Not all examples of "escaping" reference types are quite as straightforward as this one. Reference types can be stored within structs, enums, and in collections such as arrays and dictionaries, so cannot look only at whether the type or its generic arguments are a class. The reference type might also be hidden in code not visible to the user, e.g.,

public struct LooksLikeAValueType {
  private var transaction: Transaction  // not semantically a value type
}

Generics further complicate the matter: some types, like the standard library collections, act like value types when their generic arguments are value types. An actor class might be generic, in which case its ability to maintain isolation depends on its generic argument:

actor class GenericActor<T> {
  private var array: [T]
  func first() async -> T? { 
    return array.first
  }
}

With this type, GenericActor<Int> maintains actor isolation but GenericActor<Transaction> does not.

There are solutions to these problems. However, the scope of the solutions is large enough that they deserve their own separate proposals. Therefore, this proposal only provides basic actor isolation for data race safety with value types.

Global actors

What we’ve described as actor isolation is one part of a larger problem of data isolation. It is important that all memory be protected from data races, not just memory directly associated with an instance of an actor class. Global actors allow code and state anywhere to be actor-isolated to a specific singleton actor. This extends the actor isolation rules out to annotated global variables, global functions, and members of any type or extension thereof. For example, global actors allow the important concepts of "Main Thread" or "UI Thread" to be expressed in terms of actors without having to capture everything into a single class.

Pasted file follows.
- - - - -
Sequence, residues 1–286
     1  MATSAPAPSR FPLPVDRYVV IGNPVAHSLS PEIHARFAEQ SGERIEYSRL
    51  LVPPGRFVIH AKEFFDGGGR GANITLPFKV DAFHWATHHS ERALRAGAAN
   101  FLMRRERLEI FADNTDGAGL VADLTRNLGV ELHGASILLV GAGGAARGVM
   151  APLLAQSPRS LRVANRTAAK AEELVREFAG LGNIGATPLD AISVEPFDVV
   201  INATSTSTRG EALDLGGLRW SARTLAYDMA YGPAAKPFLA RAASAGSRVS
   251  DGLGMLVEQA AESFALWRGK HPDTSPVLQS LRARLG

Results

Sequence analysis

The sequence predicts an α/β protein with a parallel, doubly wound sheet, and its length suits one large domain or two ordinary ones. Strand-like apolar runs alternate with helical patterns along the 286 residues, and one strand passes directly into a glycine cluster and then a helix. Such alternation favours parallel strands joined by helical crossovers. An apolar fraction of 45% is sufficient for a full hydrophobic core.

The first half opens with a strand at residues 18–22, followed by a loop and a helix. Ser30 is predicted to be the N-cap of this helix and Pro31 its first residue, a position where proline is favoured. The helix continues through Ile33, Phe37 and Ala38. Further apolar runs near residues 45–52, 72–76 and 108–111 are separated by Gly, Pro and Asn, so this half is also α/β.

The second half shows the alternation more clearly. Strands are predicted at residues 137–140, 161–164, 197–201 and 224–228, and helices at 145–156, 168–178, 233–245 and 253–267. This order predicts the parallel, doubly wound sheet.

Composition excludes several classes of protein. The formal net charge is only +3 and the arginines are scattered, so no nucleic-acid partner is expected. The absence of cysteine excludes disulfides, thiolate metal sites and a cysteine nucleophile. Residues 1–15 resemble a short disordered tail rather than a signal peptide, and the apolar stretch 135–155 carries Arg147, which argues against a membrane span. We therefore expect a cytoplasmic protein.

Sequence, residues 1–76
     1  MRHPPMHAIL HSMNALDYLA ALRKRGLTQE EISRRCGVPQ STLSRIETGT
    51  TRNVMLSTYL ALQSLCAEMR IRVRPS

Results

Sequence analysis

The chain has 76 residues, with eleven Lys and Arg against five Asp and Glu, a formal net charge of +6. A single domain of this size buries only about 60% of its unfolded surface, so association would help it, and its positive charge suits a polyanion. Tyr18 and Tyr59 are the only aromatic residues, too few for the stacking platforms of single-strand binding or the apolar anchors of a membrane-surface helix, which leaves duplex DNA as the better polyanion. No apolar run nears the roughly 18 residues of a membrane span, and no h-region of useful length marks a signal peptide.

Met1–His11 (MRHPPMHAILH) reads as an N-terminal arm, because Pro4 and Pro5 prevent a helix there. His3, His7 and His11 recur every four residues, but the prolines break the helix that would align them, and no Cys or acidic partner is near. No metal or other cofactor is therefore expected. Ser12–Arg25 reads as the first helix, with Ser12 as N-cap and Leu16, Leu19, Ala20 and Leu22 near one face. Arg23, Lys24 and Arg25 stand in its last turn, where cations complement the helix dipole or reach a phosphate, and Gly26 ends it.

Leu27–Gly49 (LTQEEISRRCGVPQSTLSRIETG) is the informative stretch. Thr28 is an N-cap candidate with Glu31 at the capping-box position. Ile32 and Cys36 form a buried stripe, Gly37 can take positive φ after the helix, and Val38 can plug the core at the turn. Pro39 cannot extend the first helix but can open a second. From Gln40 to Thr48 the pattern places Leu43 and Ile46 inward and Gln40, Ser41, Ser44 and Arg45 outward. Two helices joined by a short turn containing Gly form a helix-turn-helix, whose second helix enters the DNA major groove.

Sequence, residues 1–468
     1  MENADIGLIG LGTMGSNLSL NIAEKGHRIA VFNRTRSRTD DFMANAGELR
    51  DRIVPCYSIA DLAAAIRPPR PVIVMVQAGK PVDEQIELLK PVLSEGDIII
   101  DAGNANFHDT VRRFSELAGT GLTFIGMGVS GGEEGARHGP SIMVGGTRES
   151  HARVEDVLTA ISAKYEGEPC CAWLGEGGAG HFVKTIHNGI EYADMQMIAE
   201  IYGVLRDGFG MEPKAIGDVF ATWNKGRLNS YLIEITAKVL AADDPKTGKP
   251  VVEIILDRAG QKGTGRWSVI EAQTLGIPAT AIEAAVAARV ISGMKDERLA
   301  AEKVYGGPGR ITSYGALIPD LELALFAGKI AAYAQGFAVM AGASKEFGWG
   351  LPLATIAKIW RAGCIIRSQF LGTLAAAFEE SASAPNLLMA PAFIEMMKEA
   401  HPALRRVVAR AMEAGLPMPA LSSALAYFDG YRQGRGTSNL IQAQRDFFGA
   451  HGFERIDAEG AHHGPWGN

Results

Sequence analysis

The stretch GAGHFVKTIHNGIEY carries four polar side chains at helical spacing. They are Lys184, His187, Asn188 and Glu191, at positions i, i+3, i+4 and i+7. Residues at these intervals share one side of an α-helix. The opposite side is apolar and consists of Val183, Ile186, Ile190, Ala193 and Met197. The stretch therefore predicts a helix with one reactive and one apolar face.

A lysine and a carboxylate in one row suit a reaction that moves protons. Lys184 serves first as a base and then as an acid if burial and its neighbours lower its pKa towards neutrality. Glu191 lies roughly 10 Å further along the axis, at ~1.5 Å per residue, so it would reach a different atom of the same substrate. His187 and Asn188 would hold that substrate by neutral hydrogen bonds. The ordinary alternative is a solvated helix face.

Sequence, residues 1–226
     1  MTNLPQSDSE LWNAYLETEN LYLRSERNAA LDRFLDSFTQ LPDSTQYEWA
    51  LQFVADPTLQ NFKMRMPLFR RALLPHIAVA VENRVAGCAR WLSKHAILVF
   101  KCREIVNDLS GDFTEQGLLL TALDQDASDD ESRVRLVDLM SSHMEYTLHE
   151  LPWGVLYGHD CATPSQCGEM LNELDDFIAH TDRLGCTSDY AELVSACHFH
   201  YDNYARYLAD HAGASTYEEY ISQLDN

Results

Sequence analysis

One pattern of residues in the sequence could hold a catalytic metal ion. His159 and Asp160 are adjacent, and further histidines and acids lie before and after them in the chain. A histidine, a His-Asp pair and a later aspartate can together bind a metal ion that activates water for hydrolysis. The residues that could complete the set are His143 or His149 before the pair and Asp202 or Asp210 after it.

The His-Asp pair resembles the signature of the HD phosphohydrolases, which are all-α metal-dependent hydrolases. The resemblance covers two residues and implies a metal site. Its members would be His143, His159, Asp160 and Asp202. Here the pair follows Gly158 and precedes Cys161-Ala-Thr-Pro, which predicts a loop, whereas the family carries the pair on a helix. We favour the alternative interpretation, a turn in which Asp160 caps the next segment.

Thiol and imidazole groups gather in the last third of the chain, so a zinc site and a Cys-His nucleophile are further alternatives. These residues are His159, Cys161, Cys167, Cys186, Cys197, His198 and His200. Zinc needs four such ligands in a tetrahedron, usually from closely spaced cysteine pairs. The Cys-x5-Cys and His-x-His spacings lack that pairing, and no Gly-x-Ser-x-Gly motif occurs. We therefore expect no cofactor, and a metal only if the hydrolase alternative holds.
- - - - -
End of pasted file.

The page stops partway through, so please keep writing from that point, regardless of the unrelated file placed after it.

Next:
Global actors provide a way to annotate arbitrary declarations (properties, subscripts, functions, etc.) as being part of a process-wide singleton actor. A global actor is described by a type that has been annotated with the @globalActor attribute:

@globalActor
struct UIActor {
  /* details below */
}

Such types can then be used to annotate particular declarations that are isolated to the actor. For example, a handler for a touch event on a touchscreen device:

@UIActor
func touchesEnded(_ touches: Set<UITouch>, with event: UIEvent?) {
  // ...
}

A declaration with an attribute indicating a global actor type is actor-isolated to that global actor. The global actor type has its own queue that is used to perform any access to mutable state that is also actor-isolated with that same global actor.

Global actors are implicitly singletons, i.e. there is always one instance of a global actor in a given process. This is in contrast to actor classes which can have none, one or many specific instances exist at any given time.

Detailed design

Available in the full proposal

41 Likes

I have written a lot of Erlang code (https://github.com/scalaris-team/scalaris). What is unique of Erlang: Actors resp. user-space processes can fail. This is not possible in other languages resp. libraries.

1 Like